Then...one day in June, I knew. What would make me the happiest was controlling my life by working for myself while helping others. So, I started a home organizing business (read more about that here). I registered for the national organization (NAPO), took a few classes, became certified, and am continuing to learn as I take oh so many more classes. I’m happy to report that it seems to come naturally. But more importantly, it suits me and I genuinely enjoy doing it. I always said that if I wanted to stay in shape and remain healthy, I needed an active job (especially as traveling caused me to quickly gain 20 pounds…which is a whole new article regarding packaged foods, lack of good sleep, and sedentary driving). Organizing fit the active bill as I’m constantly moving. After the first few jobs, I was SORE. Who knew sitting on a hard floor for a few hours organizing baby clothes could cause such pain/soreness in the hips? Unpacking boxes upon boxes upon boxes of books. Excellent workout! Standing on my feet for 6 or 7 hours? Yes, please.
So, I set up a website, talked to a few friends about the details, researched and read article after article on what I needed to do to start and run a business. Then came the question of “where”. Where do I set it up? One friend suggested I become a traveling organizer, but at this brainstorming point, I was tired. Down to my soul, tired of the travel. Tired of not having a home base. Tired of always feeling tired, never rested. I craved a place where I could escape by myself and not have to speak to another person, or worry about leaving dirty clothes on the floor, or if I was intruding on someone else’s life. So, the question became Houston or Dallas? Family or friends?
It’s...strange for me. Growing up, we moved every year and I became adept at making superficial best friends (SBFF). It wasn’t until high school and then again when I settled in Dallas that I formed deeper connections (outside of family). If this year taught me anything, it was that I have amazing friends. Sure, some friends were lost during this time, but many friendships were made stronger. A few even became lifers. On the other city, Houston puts me near parents, a brother/SIL, adorable twin nephews, aunts, high school besties, and so many cousins.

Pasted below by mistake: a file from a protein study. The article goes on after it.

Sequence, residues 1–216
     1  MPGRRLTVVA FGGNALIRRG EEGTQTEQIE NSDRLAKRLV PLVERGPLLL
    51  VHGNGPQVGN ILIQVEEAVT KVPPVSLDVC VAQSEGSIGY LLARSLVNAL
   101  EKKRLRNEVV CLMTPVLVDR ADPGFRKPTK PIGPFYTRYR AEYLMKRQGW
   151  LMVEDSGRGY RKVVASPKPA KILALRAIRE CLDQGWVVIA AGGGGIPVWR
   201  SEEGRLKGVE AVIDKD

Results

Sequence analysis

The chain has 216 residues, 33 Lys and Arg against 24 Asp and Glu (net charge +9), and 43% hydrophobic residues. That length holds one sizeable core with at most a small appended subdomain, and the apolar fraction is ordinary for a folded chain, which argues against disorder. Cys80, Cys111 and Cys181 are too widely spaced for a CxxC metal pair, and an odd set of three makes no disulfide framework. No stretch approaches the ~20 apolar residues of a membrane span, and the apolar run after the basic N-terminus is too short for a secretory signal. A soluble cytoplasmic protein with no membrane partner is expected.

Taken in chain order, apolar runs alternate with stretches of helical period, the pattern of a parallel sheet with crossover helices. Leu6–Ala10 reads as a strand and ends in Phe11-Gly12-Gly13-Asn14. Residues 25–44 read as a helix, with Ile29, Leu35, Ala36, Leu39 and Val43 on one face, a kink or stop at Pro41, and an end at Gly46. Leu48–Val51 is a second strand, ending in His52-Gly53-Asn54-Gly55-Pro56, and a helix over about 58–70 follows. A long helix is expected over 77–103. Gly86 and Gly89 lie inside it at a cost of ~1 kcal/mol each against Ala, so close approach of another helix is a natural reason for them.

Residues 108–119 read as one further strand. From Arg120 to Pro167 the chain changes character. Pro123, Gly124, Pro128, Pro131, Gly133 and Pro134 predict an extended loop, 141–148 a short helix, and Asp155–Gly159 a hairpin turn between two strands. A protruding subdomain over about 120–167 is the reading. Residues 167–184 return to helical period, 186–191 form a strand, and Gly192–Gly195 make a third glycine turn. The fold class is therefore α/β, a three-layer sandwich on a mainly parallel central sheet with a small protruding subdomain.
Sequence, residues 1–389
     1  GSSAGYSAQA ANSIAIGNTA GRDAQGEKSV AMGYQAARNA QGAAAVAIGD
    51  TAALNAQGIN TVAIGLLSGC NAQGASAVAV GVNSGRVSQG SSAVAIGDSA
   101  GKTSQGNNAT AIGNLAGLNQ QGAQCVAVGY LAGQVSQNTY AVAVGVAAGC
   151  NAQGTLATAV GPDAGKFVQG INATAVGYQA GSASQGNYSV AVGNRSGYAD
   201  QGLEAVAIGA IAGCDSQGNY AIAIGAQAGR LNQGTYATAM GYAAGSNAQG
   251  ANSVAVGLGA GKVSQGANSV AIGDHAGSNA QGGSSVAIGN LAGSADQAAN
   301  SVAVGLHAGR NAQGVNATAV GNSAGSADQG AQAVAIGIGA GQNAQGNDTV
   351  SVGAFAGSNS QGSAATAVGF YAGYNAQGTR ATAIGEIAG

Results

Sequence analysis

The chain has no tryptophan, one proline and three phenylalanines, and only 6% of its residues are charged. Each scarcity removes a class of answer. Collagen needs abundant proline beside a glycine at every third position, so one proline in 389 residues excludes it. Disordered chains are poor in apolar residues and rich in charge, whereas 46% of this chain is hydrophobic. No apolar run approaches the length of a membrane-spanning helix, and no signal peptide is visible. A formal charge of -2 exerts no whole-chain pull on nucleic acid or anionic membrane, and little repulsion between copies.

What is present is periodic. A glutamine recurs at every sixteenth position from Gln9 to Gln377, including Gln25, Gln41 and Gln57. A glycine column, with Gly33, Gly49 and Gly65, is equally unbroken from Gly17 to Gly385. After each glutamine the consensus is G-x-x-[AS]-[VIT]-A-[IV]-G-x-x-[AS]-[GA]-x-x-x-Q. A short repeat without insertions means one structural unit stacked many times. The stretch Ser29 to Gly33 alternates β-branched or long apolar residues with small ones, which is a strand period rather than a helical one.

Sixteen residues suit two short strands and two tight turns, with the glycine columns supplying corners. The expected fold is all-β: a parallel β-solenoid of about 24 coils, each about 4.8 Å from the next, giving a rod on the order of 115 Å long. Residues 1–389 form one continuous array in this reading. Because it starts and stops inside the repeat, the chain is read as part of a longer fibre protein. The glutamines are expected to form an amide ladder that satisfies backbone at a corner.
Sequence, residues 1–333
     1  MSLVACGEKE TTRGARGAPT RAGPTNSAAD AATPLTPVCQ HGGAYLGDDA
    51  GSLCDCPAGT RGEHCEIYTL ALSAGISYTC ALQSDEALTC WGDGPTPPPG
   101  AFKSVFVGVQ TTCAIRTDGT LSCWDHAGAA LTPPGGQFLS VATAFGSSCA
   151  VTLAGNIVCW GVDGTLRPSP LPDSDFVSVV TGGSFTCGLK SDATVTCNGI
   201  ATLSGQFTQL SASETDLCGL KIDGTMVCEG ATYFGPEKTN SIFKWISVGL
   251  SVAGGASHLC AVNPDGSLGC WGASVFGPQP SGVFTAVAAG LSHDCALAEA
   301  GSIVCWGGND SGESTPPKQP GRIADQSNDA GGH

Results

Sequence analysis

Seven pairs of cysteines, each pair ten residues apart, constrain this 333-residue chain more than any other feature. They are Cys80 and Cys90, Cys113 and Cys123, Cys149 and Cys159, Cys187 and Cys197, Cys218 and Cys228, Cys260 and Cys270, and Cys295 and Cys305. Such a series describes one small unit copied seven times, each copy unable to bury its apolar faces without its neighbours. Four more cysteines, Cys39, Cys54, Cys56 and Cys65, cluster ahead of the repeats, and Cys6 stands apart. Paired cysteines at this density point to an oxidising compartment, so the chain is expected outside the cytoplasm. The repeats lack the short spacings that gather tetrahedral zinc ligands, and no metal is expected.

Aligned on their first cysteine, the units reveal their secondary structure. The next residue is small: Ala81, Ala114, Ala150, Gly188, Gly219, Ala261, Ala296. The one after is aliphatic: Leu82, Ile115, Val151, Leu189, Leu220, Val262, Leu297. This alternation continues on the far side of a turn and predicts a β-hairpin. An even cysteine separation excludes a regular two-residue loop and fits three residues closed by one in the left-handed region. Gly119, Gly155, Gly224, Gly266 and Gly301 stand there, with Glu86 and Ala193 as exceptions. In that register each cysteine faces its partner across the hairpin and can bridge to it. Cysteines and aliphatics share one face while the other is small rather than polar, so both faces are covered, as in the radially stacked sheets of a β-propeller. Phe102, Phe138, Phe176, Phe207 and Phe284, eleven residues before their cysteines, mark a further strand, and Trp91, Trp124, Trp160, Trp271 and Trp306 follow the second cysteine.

It’s a no brainer, right? The family connection. Staying with my parents in between trips made me feel that connection again (since age 20, I hadn’t lived closer than 5 hours to any family member). To be surrounded by people that genuinely care about you. Your well-being, your mental health, the words you speak. They take care of you. Love you. For the last 12 years, I’ve been without that. Friends…friends are great, but most of the time, with most of the people, it’s superficial, everyone focused on their own struggles, their own needs. Parents? Family? They care. I felt cherished and spoiled and loved, and I wanted more of it and I want to give it to my nieces (maybe one day) and nephews.
[Now, if I can just convince 1 (or 2) people to move south…!]
So, the pressure is on: I signed a 12 month lease (slight panic attack, butterflies, anxiety, yet so much joy) in Houston, walking distance to trails and restaurants and a twenty minute drive to family. It’s on me to find clients, to succeed. But I love it. I enjoy working. I love helping people (when I first meet a client, they are stressed. They’ve essentially avoided a space and have no idea where to start. Then I come in and bring organization to the chaos and suddenly, they can breathe. A physical weight has been removed from their shoulders. Love that.).
I don’t know what the future will bring, if when my travel bug returns (because I know it will), I’ll be drawn to another 60 days of traveling while living out of a backpack or truck. Or if I’ll be content to have a roof over my head, surrounded by family and friends, taking monthly (or annual) trips.
I know I am committed to building my business and determined to design a life around what’s important (the people) and who’s important (me and my physical and mental health).
I know that life is short. People die every day, sometimes unexpectedly, sometimes with painful advance notice. And accepting a content life is not only boring, it’s sad. Life shouldn’t depress you or leave you uninspired. Reach for more. Find joy and peace. Call the friends and family that uplift you and make plans with them. Today. Then discover what makes your soul smile and spread that energy to make others’ souls smile.
I asked for a sign before quitting my job. It was given to me. I asked for a sign when I started my business. It was shown to me. I ask myself if I’m where I need to be and everything within me shouts YES. YES. YES.
I hope that when your inner self shouts at you to take action, you listen.